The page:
Editorial – Opportunity continues to knock

Jeff Burgar

“There’s more to Alberta than the Calgary Stampede or the picturesque roads that wind through Banff.”

So says no less an authority than the Calgary Herald newspaper. The paper then tells readers there are “7 places in Alberta everyone should visit at least once.” Here’s the list:

1. Wood Buffalo National Park. Yes, it’s way up there on the northern edge of Alberta. A UNESCO World Heritage Site about the size of the entire country of Switzerland. Also, the largest park in Canada. But no Swiss clocks here, we suspect.

2. The Drumheller Badlands. Also a World Heritage Site. The Tyrell Museum is right next door.

3. The new library in Calgary. Yes. A must see for tourists. Apparently filled with 450,000 books. And a cafe. Wow!

4. Kananaskis. Something for everybody, the paper says. Horseback riding. Fishing. Climbing. And so much more. Also, close to mountains.

5. Tangle Falls. Right in the mountains on the Icefield Parkway to Jasper.

6. Heh, heh! Vegreville. “World’s away from any urban centre,” says the paper. What? No perogies?

7. Last but not least, Canmore. Another mountain place.

Honestly, is it any wonder the resource pipeline south is a metre wide, and the money coming back trickles through a garden hose?

If this is the piddle readers are fed in Southern Alberta, no wonder at all. Southern Alberta, if anybody doesn’t know, is anything south of Swan Hills. The geographic centre is claimed to be just south of Swan Hills, up a hiking trail. Barrhead, Westlock, Edmonton, Vegreville and Calgary are all in southern Alberta. So, of the seven places you gotta see according to the Herald, six of them are in southern Alberta. Five are “deep south”.

With a bit of looking, one can find all sorts of things about Alberta online. Wood Buffalo National Park is mentioned several times. Outside of that, it is easy to think, there really isn’t much in this province except mountains, more mountains, West Edmonton Mall, the hoodoos around Drumheller. And did we mention mountains?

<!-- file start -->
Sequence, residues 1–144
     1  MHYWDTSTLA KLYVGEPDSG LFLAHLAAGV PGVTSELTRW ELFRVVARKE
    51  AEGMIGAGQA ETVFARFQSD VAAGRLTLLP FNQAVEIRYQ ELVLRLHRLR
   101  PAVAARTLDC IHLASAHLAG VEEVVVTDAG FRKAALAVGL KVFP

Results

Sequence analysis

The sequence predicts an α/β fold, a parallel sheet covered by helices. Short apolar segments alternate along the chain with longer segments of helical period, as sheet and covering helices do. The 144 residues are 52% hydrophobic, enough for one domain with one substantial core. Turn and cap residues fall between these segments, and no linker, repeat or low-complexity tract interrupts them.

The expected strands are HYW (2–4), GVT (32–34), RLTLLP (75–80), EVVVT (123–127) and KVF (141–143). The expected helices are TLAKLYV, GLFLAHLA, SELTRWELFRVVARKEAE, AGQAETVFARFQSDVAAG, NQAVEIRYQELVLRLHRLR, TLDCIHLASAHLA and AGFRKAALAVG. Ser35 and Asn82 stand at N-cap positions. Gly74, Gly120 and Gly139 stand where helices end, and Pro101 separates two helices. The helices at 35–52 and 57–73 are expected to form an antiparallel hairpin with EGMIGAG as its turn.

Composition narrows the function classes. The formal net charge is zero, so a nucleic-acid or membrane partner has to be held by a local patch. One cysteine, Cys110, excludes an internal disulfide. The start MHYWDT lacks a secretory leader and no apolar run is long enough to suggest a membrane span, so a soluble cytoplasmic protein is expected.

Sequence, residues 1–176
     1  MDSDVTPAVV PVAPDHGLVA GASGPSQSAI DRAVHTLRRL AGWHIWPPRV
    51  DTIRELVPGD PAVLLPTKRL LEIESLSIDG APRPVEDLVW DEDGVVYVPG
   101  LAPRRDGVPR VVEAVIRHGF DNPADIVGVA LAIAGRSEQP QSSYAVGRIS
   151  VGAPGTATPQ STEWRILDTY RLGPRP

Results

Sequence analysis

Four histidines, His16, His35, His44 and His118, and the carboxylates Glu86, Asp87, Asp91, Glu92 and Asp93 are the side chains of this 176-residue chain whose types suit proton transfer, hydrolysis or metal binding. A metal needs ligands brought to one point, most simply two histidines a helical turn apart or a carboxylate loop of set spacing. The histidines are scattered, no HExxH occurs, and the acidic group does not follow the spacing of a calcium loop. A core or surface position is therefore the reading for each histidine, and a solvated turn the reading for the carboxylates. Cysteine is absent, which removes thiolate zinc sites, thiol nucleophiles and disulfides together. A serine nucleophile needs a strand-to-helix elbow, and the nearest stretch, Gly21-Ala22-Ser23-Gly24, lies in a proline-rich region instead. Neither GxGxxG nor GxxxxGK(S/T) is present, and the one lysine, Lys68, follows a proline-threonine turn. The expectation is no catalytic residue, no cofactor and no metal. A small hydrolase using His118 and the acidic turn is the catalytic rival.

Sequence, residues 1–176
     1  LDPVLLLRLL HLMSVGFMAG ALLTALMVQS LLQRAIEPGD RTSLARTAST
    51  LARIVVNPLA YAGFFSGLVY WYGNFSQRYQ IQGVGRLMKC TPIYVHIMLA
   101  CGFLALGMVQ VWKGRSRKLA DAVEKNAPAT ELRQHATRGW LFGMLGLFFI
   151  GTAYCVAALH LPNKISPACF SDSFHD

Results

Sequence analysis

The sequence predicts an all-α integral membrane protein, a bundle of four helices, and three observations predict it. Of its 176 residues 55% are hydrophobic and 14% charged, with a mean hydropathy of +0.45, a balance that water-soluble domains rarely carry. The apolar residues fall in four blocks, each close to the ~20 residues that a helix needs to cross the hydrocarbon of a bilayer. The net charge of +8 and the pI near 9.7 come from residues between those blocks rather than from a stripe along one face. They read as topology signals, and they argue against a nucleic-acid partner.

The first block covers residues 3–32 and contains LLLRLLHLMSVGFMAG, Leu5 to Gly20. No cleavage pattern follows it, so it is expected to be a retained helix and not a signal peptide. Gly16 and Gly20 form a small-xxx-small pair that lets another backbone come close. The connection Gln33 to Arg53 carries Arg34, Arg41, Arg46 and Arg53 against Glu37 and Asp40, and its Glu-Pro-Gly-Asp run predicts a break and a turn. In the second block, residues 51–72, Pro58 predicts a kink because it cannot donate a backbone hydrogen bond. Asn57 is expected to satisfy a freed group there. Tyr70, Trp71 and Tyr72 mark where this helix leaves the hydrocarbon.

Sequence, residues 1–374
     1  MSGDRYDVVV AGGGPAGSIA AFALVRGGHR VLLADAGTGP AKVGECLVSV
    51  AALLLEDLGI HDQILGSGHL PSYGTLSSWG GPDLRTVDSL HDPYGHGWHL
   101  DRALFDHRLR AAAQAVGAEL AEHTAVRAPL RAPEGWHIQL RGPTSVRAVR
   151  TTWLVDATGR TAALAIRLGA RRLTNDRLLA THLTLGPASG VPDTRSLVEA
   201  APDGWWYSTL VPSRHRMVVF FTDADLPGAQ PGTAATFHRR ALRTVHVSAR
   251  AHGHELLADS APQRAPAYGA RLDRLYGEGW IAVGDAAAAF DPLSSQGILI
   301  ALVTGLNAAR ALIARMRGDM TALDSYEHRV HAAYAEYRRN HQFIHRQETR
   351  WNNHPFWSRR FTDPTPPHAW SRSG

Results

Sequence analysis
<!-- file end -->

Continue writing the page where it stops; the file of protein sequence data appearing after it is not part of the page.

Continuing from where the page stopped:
If we really care about promoting tourism in our northern half of this province, we are doing a crummy job. We found a mention of Lesser Slave Lake. Another of the Vegreville Pysanka. One mention of the Falher Bee. Mention of Beaverlodge’s Beaver. St. Paul’s Flying Saucer. But all in all, a pretty pathetic bunch of non-promotion.

For our part of the world, two of the best places to promote ourselves would be in Edmonton and Grande Prairie. Yet, the Edmonton Sportsman Show in March had nobody from the northwest of Alberta, at least as far as we could see. Cold Lake, Bonnyville and St. Paul had booths. So did fishing camps from Saskatchewan and British Columbia.

There are good reasons why so little is done from this part of the world. It’s expensive to do a good job. There are few people in tourism. Energy, forestry and government dominate the economy.

So, Alberta remains, dinosaurs and mountains and “southern” Alberta.

And a real nice park! Way, way up there in the north.

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